August 22, 2018
World’s first-in-human augmented reality tumor ablation completed at the Cleveland Clinic.
MediView XR, LLC, today announced the successful first-in-human use of its intraoperative Real-Time, Fused Holographic Visualization (RTFHV) Extended Reality Surgical Navigation Platform for a liver tumor ablation procedure. MediView is an Ohio-based medical device startup company focused on launching a stand-alone Extended Reality Surgical Navigation Platform to accurately target, navigate, biopsy and ablate cancerous lesions.
“To the best of our knowledge, this is the first time globally that extended reality surgical navigation has been evaluated intraoperatively in a human liver tumor ablation procedure, which is a significant milestone in the realm of extended reality guided surgery.” said Karl West, M.S., Inventor of the Technology and Director of Medical Device Solutions at Cleveland Clinic’s Lerner Research Institute.
The Extended Reality assisted liver tumor ablation procedure was completed by Dr. Charles Martin III, M.D., Director of Interventional Oncology at the Cleveland Clinic, as part of the safety and feasibility trial for the technology (Intra-procedural 360-degree Display for Performing Percutaneous Liver Tumor Ablation – clinicaltrials.gov).
“MediView’s RTFHV Extended Reality surgical navigation system achieved proof-of-concept in a highly complex soft-tissue percutaneous liver tumor ablation procedure,” said Dr. Martin. “This revolutionary medical imaging technology has the potential to redefine the cancer care continuum.”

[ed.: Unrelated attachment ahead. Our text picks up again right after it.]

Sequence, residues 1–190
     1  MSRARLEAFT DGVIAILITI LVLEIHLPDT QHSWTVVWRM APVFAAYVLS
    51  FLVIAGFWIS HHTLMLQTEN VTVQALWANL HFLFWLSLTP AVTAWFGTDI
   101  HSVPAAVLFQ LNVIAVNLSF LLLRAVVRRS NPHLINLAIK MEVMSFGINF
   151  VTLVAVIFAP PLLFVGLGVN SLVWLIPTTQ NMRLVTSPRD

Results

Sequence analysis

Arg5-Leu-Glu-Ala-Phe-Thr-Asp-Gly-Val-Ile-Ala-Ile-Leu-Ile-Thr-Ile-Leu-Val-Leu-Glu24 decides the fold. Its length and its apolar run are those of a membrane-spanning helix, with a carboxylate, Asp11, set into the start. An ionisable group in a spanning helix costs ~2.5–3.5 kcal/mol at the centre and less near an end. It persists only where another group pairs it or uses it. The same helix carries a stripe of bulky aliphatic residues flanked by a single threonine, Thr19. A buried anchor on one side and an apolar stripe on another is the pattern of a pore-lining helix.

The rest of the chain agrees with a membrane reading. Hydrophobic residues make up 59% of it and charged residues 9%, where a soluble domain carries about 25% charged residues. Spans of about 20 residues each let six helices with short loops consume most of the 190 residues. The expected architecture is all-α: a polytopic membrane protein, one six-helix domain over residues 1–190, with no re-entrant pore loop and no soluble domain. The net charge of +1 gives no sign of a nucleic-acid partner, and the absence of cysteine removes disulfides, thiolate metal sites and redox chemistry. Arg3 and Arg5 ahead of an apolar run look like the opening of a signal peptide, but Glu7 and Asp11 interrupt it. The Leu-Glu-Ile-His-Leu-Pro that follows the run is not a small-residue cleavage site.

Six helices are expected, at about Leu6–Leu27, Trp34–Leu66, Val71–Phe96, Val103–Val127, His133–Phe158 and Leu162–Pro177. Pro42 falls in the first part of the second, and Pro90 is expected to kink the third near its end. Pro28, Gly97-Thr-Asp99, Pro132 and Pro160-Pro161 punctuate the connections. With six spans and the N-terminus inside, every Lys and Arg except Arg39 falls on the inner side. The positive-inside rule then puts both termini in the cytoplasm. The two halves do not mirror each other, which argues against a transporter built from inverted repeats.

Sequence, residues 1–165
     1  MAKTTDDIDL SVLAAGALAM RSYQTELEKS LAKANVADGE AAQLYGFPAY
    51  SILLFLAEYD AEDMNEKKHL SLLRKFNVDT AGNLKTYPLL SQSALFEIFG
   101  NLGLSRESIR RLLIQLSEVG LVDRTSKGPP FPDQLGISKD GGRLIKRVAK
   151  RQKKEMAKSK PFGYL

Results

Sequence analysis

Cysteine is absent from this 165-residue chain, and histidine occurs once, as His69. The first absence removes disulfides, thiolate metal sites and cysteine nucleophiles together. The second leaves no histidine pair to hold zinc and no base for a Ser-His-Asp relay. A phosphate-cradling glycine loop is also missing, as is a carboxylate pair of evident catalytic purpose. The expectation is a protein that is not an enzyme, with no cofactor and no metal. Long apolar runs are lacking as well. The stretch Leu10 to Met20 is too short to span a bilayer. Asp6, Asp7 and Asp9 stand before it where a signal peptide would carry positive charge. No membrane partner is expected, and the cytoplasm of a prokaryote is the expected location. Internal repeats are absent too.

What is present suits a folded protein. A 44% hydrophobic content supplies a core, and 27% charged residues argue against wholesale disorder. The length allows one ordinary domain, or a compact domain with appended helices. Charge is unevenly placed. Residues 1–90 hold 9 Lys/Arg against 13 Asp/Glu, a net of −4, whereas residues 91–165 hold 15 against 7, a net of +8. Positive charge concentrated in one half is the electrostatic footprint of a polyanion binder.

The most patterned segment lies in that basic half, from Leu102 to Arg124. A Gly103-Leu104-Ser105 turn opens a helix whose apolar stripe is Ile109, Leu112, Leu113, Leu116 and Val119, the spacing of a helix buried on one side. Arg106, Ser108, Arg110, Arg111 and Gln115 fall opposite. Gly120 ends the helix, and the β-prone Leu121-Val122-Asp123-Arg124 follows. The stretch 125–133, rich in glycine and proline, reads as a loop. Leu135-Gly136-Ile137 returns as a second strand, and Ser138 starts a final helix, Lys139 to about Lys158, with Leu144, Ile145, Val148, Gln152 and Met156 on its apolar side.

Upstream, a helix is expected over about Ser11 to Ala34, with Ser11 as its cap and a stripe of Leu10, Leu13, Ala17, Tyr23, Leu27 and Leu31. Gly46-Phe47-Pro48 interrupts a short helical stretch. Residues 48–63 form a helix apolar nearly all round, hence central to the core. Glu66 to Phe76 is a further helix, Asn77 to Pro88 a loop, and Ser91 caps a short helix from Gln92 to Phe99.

Unlike standard procedural images that are displayed on a conventional 2D display screen, MediView’s RTFHV system projects 3D holograms of patient-specific internal anatomy in real-time onto the patient during the procedure. Each patient’s personal images are aligned with their anatomical structures through a proprietary registration process.
MediView’s technology is designed to permit surgeons to look directly at a patient, see beneath their skin, and peer into their internal anatomy during a procedure. Before the procedure the precise path of the biopsy needle and probe to treat the cancer can be plotted out. During the procedure the physician then uses the head mounted display to see the patient’s internal anatomical structures with the plotted trajectory of their surgical tools. Throughout the procedure the surgical tools are tracked to the targeted anatomy with mini-GPS-like navigation.
“The potential benefits of extended reality assisted surgical procedures are tremendous. Existing surgical imaging modalities have limitations that reduce their effectiveness in percutaneous procedures and expose medical professionals to risks associated with radiation exposure, which MediView’s technology is specifically designed to overcome” said John W. Black, CEO and Co-Founder of MediView. “We are excited to partner with the lab at Cleveland Clinic’s Lerner Research Institute to design, test and refine this technology.”